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Special Article
Limiting the spillover of zoonotic pathogens from traditional food markets in developing countries and a new market design for risk-proofing
Sandeep Ghatak, Kandhan Srinivas, Arockiasamy Arun Prince Milton, Govindarajan Bhuvana Priya, Samir Das, Johanna F. Lindahl
Epidemiol Health. 2023;45:e2023097.   Published online October 30, 2023
DOI: https://doi.org/10.4178/epih.e2023097
  • 1,792 View
  • 95 Download
AbstractAbstract AbstractSummary PDF
Abstract
Traditional food markets are age-old systems that primarily serve the food supply needs of society’s less affluent sectors, often operating with minimal infrastructure. These markets are prevalent in low and middle-income countries. However, their hygienic conditions are frequently suboptimal, potentially fostering the emergence and spread of presumptive zoonotic diseases. The recent emergence of zoonotic or potentially zoonotic diseases and their possible links to traditional food markets underscore the need for focused attention on this overlooked issue. The socioeconomic characteristics of traditional food markets reveal that despite the risk of zoonotic pathogen spread, these markets play a crucial role for large segments of the population. These individuals rely on such markets for their livelihood, food, and nutrition. Therefore, a comprehensive set of measures addressing various aspects of traditional food markets is necessary to manage and mitigate the risks of potential zoonotic disease emergence. In this article, we explore various facets of traditional food markets, paying special attention to the risks of zoonotic diseases that urgently require stakeholder attention. We also propose a new market design to prevent the risk of zoonotic spillover and advocate for the development of a Market Hygiene Index for these markets.
Summary
Key Message
Embracing Tradition, Ensuring Safety! Traditional food markets are vital for many communities, supplying food and livelihoods. Yet, their suboptimal hygiene poses potential risks for zoonotic diseases. Our article sheds light on the importance of addressing this issue and offers a new market design for risk-proofing in developing countries. Join the conversation on safeguarding these markets and support the vulnerable for a safer, healthier future!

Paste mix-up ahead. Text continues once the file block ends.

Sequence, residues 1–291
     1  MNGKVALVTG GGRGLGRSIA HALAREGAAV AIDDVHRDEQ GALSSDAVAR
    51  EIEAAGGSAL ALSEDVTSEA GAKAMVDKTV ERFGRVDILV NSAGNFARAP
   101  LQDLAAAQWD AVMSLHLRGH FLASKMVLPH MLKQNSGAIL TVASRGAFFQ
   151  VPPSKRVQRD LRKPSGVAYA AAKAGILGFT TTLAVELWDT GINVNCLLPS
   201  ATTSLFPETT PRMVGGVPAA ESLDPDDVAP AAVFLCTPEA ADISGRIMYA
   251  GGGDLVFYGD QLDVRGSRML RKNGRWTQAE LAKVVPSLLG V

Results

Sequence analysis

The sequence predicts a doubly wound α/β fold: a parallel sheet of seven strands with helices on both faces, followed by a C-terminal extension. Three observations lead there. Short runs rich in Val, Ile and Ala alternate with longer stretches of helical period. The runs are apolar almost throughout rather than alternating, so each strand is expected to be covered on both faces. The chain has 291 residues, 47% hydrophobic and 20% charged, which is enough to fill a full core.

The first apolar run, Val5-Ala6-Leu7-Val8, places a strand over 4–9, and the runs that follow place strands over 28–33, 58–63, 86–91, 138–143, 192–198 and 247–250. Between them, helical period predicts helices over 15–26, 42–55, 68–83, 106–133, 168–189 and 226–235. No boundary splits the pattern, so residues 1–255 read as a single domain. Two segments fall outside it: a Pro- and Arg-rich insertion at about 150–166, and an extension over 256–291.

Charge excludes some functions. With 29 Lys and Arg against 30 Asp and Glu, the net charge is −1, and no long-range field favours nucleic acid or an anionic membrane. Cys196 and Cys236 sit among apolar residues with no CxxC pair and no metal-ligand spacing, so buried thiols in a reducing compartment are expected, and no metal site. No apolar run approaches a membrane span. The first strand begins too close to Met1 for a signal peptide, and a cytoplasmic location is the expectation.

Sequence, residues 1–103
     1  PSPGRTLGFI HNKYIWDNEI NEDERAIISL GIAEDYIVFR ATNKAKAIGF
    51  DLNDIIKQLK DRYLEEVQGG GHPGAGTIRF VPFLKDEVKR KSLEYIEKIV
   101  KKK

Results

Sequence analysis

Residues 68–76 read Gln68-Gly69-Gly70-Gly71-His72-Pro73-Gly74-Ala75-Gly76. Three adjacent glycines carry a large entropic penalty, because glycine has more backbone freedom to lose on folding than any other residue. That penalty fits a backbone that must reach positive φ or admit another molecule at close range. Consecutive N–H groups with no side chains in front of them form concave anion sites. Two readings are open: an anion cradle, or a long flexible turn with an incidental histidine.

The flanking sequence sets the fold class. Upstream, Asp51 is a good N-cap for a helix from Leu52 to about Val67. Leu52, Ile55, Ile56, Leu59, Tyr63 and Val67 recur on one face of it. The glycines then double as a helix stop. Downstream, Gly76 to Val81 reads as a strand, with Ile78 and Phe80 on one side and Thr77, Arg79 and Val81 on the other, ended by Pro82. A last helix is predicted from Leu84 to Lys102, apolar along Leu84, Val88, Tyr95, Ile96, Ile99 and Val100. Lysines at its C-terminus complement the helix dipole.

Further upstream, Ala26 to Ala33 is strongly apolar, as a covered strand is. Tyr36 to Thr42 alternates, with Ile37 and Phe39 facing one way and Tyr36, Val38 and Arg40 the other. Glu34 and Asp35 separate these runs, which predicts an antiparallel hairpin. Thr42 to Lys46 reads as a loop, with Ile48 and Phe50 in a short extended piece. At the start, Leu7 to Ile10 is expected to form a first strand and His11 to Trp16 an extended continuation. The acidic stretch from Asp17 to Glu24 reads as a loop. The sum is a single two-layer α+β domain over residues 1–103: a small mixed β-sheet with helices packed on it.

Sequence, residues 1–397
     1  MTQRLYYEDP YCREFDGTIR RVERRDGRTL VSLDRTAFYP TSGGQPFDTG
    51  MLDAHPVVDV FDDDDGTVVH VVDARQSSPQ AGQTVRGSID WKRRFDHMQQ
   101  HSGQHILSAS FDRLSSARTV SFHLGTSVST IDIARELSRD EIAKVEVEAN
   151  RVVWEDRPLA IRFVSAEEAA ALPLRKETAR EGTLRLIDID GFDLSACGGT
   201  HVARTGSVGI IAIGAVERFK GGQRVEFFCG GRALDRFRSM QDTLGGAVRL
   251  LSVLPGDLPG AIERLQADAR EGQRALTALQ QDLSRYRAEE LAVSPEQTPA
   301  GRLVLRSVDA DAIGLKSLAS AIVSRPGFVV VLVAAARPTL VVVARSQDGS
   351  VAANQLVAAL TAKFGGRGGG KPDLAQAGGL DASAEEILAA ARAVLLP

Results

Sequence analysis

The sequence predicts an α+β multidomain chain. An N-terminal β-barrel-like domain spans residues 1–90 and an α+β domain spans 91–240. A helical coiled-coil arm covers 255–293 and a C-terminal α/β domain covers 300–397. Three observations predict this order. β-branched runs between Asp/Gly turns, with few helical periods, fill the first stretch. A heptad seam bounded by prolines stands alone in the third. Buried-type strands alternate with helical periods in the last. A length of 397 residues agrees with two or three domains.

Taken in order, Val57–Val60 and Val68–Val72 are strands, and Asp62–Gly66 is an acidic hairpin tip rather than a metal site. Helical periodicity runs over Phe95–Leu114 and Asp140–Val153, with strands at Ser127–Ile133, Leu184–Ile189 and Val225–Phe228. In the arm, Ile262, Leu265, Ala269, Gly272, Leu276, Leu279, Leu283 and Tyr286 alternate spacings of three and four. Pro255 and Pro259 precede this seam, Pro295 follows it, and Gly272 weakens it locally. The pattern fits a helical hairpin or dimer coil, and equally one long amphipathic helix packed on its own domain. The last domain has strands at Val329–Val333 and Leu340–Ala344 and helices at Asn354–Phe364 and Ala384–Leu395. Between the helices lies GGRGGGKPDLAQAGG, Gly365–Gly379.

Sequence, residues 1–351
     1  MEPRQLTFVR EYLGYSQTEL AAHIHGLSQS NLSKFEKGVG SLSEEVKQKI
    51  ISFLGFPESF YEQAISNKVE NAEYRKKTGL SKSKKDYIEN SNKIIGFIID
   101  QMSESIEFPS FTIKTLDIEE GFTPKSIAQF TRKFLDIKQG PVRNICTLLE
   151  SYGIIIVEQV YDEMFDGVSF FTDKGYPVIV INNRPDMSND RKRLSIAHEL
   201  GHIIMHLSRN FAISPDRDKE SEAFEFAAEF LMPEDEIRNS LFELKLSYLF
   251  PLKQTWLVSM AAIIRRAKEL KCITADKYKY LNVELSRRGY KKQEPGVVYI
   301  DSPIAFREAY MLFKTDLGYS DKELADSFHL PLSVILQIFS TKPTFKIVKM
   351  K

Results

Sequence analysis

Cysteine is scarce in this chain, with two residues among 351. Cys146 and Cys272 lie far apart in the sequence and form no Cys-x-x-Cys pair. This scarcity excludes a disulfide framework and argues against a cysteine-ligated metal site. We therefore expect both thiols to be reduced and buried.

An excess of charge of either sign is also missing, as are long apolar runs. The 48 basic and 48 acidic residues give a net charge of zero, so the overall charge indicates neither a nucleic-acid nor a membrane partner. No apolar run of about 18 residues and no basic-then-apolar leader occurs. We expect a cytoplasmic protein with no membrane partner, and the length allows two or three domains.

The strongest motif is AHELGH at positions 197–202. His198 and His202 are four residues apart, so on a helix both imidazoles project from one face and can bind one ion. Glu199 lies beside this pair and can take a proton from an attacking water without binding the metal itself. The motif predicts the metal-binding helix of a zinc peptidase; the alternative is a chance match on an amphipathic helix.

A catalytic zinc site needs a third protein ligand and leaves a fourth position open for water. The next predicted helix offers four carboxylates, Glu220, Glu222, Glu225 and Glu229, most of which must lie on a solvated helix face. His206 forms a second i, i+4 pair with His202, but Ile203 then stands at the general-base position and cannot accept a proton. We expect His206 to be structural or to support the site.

Original Article
Knowledge, attitudes, and behavioural risk factors regarding zoonotic infections among bushmeat hunters and traders in Nsukka, southeast Nigeria
Kingsley Uchenna Ozioko, Chris Ikem Okoye, Rose Nduka Obiezue, Raymond Awudu Agbu
Epidemiol Health. 2018;40:e2018025.   Published online June 16, 2018
DOI: https://doi.org/10.4178/epih.e2018025
  • 12,059 View
  • 252 Download
  • 12 Web of Science
  • 13 Crossref
AbstractAbstract PDF
Abstract
OBJECTIVES
In light of the dramatic spread of Ebola virus in some parts of Africa and the 2014 outbreak in Nigeria, a study was conducted to evaluate bushmeat dealers’ knowledge and attitudes about zoonotic infections and the risk of transmission to humans.
METHODS
A cross-sectional survey was conducted in a community in Nsukka, southeast Nigeria. Hunters (n=34) and bushmeat traders (n=42) were interviewed. A semi-structured questionnaire was used to generate the data. The Fisher exact test was used to evaluate the significance of differences between these groups.
RESULTS
Only 11.8% of the hunters, as compared to 35.7% of the traders, had no knowledge of possible causes of zoonotic infections (p<0.05). However, 64.7% of the hunters, compared to 38.1% of the traders, were ignorant regarding the responsibility of public health personnel and veterinarians (p<0.05), and 76.5% of the hunters compared to 42.9% of the traders were ignorant regarding the existence of zoonoses in Nigeria (p<0.05). A statistically significant difference was also found between these groups regarding the risk of contracting an infection from ectoparasites (p<0.05). The attitudes of respondents towards zoonotic diseases did not differ significantly between the groups.
CONCLUSIONS
The level of awareness about zoonotic diseases was low in this area, underscoring the need for interventions.
Summary

Citations

Citations to this article as recorded by  
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    BioScience.2023; 73(10): 711.     CrossRef
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  • Prevalence assessment of ectoparasitic arthropods among commonly consumed wildlife in Nsukka, southeast Nigeria
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    Emerging Infectious Diseases.2021;[Epub]     CrossRef
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    Emerging Infectious Diseases.2021;[Epub]     CrossRef
  • Bushmeat, wet markets, and the risks of pandemics: Exploring the nexus through systematic review of scientific disclosures
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    Environmental Science & Policy.2021; 124: 1.     CrossRef
  • Comparison of the Level of Awareness about the Transmission of Echinococcosis and Toxocariasis between Pet Owners and Non-Pet Owners in Greece
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    International Journal of Environmental Research and Public Health.2020; 17(15): 5292.     CrossRef

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